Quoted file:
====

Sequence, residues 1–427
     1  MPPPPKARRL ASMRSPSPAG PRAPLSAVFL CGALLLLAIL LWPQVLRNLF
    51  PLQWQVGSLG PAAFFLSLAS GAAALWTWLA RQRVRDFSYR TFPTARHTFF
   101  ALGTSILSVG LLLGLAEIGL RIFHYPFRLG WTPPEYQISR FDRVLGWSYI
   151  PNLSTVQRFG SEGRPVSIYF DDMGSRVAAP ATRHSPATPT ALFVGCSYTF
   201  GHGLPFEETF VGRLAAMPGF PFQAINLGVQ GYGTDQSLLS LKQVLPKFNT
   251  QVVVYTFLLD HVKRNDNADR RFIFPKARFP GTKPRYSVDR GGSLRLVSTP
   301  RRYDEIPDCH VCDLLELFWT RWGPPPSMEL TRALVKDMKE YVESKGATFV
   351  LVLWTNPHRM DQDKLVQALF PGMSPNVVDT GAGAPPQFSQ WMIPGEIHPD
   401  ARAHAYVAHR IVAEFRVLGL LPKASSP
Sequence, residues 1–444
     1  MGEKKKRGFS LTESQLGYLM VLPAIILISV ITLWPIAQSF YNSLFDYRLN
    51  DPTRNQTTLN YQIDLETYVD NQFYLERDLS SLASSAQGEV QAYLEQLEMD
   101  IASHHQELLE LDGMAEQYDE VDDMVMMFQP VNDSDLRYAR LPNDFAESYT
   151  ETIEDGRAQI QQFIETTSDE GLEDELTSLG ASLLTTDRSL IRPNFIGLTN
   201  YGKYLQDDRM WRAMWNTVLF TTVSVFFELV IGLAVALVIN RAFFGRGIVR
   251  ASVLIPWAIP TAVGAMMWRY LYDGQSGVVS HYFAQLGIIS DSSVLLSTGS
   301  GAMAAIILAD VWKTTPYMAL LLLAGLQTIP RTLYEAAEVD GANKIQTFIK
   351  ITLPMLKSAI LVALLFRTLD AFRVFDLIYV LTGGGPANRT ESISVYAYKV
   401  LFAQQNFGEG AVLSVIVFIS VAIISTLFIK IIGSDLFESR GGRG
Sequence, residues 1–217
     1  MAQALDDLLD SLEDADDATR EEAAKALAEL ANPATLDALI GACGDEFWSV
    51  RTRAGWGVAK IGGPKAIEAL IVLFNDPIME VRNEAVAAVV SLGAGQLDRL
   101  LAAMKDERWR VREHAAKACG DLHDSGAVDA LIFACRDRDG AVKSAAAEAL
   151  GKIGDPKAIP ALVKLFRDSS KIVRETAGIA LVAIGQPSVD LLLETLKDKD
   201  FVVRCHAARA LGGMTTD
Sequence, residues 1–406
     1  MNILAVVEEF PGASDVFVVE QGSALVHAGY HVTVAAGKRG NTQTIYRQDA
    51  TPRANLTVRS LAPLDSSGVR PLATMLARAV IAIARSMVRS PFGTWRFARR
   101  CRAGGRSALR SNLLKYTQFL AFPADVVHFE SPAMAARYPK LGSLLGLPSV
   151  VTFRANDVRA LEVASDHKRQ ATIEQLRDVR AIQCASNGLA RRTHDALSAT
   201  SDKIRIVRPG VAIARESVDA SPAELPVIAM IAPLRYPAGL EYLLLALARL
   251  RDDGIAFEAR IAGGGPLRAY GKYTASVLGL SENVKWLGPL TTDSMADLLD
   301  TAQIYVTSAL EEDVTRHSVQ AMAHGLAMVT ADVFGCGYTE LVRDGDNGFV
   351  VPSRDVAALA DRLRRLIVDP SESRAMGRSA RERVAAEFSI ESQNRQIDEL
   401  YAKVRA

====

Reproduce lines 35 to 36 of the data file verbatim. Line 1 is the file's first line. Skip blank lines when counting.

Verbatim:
   351  VPSRDVAALA DRLRRLIVDP SESRAMGRSA RERVAAEFSI ESQNRQIDEL
   401  YAKVRA